Put the soil in the container. Fill it with enough potting mix so the base of the plant is about 1 inch from the top of the pot. To eliminate any big air pockets lightly pat down the soil before planting.

Potting the Plant

Take out the plant from its nursery container. Place a finger of each side of the stem to support the top of the roots with a semi-solid mass of soil. Now let the plant gently fall into your hand by tipping the pot. Never pull out a plant by its stem. And if it’s stuck, tap the pots sides to loosen it.

If the roots are circled around then the plant is “root bound”. Before planting just tease gently to free the end of the roots.

Fix the plant on top of the mix. Leave at least an inch or so around each root ball if you are potting more than one plant. So that, you can add mix between them. Fill in with insignificant handfuls of soil. Eliminate air pockets by patting gently. Make certain the stem is entirely above the surface. An inch should be left about between the rim of the pot and the soil surface.

Water the container to let the roots settle in their new home. Add extra mix if the soil level drops below the top of the root ball.

Watering

Watering once a week is probably enough if you plant in the spring and the weather is not that hot. But plants will require more water once the summer comes. In summer the warm weather evaporates the moisture before the plant can have it. And plants also require more water as they grow larger. Small pots and hanging plants probably need watering twice a day and for large pots once is enough.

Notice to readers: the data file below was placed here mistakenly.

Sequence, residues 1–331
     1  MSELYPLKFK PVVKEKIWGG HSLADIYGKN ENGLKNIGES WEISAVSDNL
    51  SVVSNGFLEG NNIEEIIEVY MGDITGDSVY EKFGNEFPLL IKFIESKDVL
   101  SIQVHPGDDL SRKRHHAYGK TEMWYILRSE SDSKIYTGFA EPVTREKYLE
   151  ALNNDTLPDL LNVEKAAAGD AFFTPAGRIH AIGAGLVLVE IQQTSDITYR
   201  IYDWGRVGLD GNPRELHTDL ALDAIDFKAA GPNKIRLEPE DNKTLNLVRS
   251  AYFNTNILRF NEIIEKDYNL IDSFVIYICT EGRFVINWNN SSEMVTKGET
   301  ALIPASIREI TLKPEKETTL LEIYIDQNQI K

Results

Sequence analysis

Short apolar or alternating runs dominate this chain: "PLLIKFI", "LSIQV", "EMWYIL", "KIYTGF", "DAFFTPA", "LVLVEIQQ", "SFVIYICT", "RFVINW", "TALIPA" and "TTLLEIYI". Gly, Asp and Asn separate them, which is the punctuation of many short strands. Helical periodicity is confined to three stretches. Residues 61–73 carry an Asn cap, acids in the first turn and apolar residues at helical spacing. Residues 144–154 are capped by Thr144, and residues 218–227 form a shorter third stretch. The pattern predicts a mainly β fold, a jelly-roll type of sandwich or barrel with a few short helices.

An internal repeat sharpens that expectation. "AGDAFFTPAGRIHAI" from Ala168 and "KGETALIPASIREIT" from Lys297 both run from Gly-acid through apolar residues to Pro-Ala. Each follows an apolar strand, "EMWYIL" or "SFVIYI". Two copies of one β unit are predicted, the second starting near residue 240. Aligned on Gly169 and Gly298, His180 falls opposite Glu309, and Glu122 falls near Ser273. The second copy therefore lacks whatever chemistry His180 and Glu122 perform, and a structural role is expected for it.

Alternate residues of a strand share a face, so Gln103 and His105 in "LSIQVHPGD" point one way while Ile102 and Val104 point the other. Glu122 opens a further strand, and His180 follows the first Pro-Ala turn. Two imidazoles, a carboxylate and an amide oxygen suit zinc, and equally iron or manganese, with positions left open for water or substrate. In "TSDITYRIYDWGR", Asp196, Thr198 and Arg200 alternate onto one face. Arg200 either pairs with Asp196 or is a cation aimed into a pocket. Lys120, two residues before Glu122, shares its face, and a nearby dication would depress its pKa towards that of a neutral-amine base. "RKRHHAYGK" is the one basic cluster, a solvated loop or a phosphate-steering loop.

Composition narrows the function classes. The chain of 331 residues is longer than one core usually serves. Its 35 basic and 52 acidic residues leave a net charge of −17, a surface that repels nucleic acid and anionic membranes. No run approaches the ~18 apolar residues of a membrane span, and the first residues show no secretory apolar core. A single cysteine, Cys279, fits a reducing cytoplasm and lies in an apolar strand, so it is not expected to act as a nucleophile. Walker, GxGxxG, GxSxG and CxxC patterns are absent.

Keep watering your plants until water comes out of the drainage holes. That’s the way to make sure the soil is getting moisture all the way to the bottom. Don’t water the leaves and flowers as wetting the foliage could cause fungal diseases.

In the hottest hour of the day your plants and flower may look lifeless, but don’t worry as long as the top of the soil is moist. And never let pots sit in water as this could cause the root to rot and die.

Feeding

Plants growing in containers require more fertilizing than the plants that are growing in the ground. And with more watering, you flush the nutrients out of the soil more quickly. The least you can do is to use a time-release fertilizer when planting. Every couple of weeks feed the plants a liquid or water-soluble fertilizer according to package direction if you wish to have happy and healthy plants.

Deadheading

Deadheading is essential to encourage a plant to keep producing more flowers. Plants that have so many stems and tiny flowers, its best to shear them back to one-third of their magnitude.

There are also some flower plants that are self-cleaning. Which means generally they don’t require shearing or deadheading. Some examples of them are diascia, browalia, and mini petunias. To rejuvenate blooming cut back the plant by one-third if they start to flag late in the summer.